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Highest paid college coach


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Cooter, this article should help:


Reaching for the check

Crean ranks among highest-paid coaches

by Don Walker, Milwaukee Journal Sentinel

March 14, 2006

Tom Crean, in his seventh season as men's basketball coach at Marquette University, was paid $1.65 million for the year ending June 30, 2005, easily placing him among the highest-paid coaches in the ultra-competitive Big East Conference and in the country.

Based on a review of publicly available tax returns and media reports detailing salaries and other compensation for coaches, Crean's pay puts him in an elite category among the nation's coaches.

However, coaches are paid in different ways and can earn tens of thousands of dollars in so-called outside income. That makes exact comparisons difficult.

Marquette officials, for example, say Crean's pay represents his entire pay, including compensation for holding basketball camps, and TV and radio shows. Other schools might report a base salary, but are not obligated to report outside income.

Crean's salary appears in a tax document that Marquette, a non-profit organization, must file each year with the Internal Revenue Service. In addition to a salary of $1,655,819, Crean also made $28,884 that was placed in a benefit plan, and was given an additional $3,784 for expenses.

Crean has coached the Golden Eagles to three NCAA tournament appearances, including a Final Four appearance in 2002-'03. This season, the team surprised many by going 20-10 overall and finishing the regular season in the tough Big East with a 10-6 record, and gained a bid to the NCAA tournament. The Golden Eagles will meet Alabama on Thursday in San Diego.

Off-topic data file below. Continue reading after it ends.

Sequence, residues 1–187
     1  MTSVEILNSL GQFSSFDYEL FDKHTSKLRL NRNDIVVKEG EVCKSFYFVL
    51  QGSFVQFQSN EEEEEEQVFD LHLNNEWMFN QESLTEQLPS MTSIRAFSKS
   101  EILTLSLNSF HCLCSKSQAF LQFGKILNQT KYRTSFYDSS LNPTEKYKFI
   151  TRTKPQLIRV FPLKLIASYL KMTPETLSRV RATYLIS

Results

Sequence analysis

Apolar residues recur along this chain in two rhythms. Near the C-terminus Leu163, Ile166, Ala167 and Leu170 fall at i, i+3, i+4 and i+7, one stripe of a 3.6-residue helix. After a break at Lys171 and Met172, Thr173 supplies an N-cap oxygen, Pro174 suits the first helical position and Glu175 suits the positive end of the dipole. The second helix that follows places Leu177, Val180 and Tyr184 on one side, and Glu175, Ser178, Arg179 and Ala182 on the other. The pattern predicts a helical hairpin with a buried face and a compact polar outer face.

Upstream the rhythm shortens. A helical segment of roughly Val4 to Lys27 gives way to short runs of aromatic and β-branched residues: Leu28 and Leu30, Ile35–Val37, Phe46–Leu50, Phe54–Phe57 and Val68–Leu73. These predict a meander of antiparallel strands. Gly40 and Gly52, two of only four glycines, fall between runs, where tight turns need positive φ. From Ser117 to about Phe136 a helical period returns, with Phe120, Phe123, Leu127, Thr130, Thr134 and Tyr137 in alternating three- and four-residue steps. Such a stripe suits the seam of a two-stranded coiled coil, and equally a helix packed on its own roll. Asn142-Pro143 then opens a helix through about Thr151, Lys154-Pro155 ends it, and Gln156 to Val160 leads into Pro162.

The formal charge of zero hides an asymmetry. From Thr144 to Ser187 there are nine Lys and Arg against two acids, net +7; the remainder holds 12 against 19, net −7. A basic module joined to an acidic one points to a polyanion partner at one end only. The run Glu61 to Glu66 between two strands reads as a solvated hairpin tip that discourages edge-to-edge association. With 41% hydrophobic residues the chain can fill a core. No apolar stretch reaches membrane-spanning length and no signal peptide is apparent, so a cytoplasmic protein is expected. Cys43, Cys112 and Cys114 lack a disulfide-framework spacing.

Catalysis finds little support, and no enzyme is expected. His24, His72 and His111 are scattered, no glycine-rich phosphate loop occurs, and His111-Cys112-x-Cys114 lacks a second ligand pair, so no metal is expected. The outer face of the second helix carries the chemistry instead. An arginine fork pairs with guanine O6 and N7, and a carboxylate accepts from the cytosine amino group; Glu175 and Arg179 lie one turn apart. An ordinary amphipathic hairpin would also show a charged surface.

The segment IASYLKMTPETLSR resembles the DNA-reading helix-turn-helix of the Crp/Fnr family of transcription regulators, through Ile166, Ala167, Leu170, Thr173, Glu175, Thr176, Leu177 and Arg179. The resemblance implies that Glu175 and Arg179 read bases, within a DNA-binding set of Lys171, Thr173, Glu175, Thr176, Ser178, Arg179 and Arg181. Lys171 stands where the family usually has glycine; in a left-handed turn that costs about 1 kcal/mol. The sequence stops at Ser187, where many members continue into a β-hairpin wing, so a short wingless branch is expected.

John Marinatto, senior associate commissioner at the Big East and a former athletic director at Providence College, said Crean was in the upper echelon of highly compensated coaches in the 16-team conference.

Mary Pat Pfeil, a spokesman for Marquette, issued a statement about Crean's pay:

"Seven years ago, Marquette University made a conscious decision to upgrade its athletic programs, including the recruitment of outstanding coaches, development of new facilities and, this year, the move to the Big East Conference.

"This is an investment from which the university is reaping returns . . . in the form of national media exposure, in the significant revenues generated by the men's basketball program, in the number of prospective students who become familiar with Marquette through its athletic program, in student excitement, and in the alumni and community support generated by a successful athletic program."

Noting Crean's success at Marquette, the statement continued: "The university makes fair and competitive compensation a key priority in attracting high quality faculty and staff in all areas. Salary differentiations among employment categories are, to a large degree, a function of the marketplace.

"College basketball is a competitive market, particularly at the Division I level. In keeping with our commitment to attract and retain the best faculty and staff, we believe Coach Crean's position is important to the university."

Crean's salary dwarfs the compensation paid to the coaches at two other tournament-bound teams in Wisconsin.

Bo Ryan, coach at Wisconsin, has a base salary of $400,000. In addition, he is paid an additional $300,000 for his TV and radio work and for work with Adidas. UW officials also said Ryan received compensation for endorsement work and conducting basketball camps.